With the good songs on Hurley being legitimately some of the best material the band have released in the past decade, it would be easy to overrate the album as a whole. But the disc is not without its flaws, the biggest of which being the aforementioned "Where's My Sex?" Written from the perspective of Cuomo's daughter who once mispronounced the word "socks" for the act of coitus, it's a lunkheaded number with a riff somewhere in between "Hash Pipe" and Bad Religion's "Infected" and lyrics like, "Where's my sex?/I thought it was here/Under the bench/But it isn't there," not to mention a bridge in a different key and tempo that comes out of absolutely nowhere and is the dictionary definition of the word "shoehorned." "Across The Sea" it ain't.
Nothing else on Hurley plumbs the musical depths "Where's My Sex?" lays claim to. "Trainwrecks" is written to sound like a stadium-rock anthem, but with lyrics about blogs, P. Diddy and "diggin' through the couch for cash," it's impossible to take seriously. "Brave New World" has some unusual guitar effects being used to add an extra level of grit and giving the main riff an almost industrial-rock tinge, but there's nothing too original about the melody to make it be a standout. "Smart Girls" (sort of an "I'm Your Daddy" on steroids) is sure to be a fan-splitter, as it is an absolute ball to listen to but sounds like a total clusterfuck, with Cuomo reciting girls' names in a sing-songy, '60s-pop fashion while the song itself explodes in layer after layer of synths, guitars, drum machines and who even knows what else. Interestingly, this is the only track on Hurley to feature a guitar solo, but it nearly gets drowned out in the thumping bass.
The album closes with "Time Flies," a folk-country stomper that sounds like Led Zepplin's more campfire-esque moments, with mandolin, acoustic guitar and a floor tom being banged on that sounds like it was recorded in one take with the room mics in the red. It's interesting, but it sums up Hurley's biggest fault: The album sounds unfinished. Much has already been written about how Rivers Cuomo now records albums for "the process," instead of the end result, with the theme of Hurley supposedly being a raw rock record that was put to tape in less than a month—easily the shortest amount of time the band have ever spent on an album. And while some tracks benefit from the lack of polish time ("Run Away," "Hang On"), they rub up against sonically disparate songs ("Brave New World," "Smart Girls") which makes the album a bit jarring. It's also frustrating to see a lack of guitar solos (one of the band's strongest assets that's gone largely unused since Maladroit) and a lack of rhythmic variation from Wilson, who has proven that he can really let it rip when given the chance, but is unfortunately shackled on too many of these songs. Plus, given the frantic recording schedule, it's not even currently known which member of Weezer plays what on which song, or even if they're all on each song (both Bell and Wilson have said they laid down tracks on multiple instruments, sometimes not even hearing the song in question until the day of recording, in order to keep the loose feel Cuomo wanted).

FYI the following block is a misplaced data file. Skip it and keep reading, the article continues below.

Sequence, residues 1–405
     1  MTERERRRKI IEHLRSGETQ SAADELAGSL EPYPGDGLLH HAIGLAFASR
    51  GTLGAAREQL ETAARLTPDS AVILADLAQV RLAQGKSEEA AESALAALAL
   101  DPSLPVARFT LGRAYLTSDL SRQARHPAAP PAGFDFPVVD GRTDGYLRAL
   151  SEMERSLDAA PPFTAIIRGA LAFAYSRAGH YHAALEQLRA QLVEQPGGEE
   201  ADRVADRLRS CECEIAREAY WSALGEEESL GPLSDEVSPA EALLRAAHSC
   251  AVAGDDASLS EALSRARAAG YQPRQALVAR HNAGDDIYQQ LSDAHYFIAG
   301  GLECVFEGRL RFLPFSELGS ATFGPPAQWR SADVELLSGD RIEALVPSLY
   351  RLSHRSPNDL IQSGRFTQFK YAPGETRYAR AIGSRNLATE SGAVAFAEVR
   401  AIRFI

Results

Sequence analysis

Still, there is absolutely no question that Cuomo has at least partially gotten back in touch with what made so many fans beg and plead to hear Pinkerton songs live, as his vocals are no longer Auto-Tuned into oblivion, his songs no longer exclusively follow a nonexistent pop-song "formula" and his lyrics (sometimes) dig deeper than, say, wanting to live in Beverly Hills or not being able to stop partying. Hurley isn't perfect, but it's the best thing Weezer have done in quite some time, and that's all we can hope for—until the next Nirvana comes along, of course.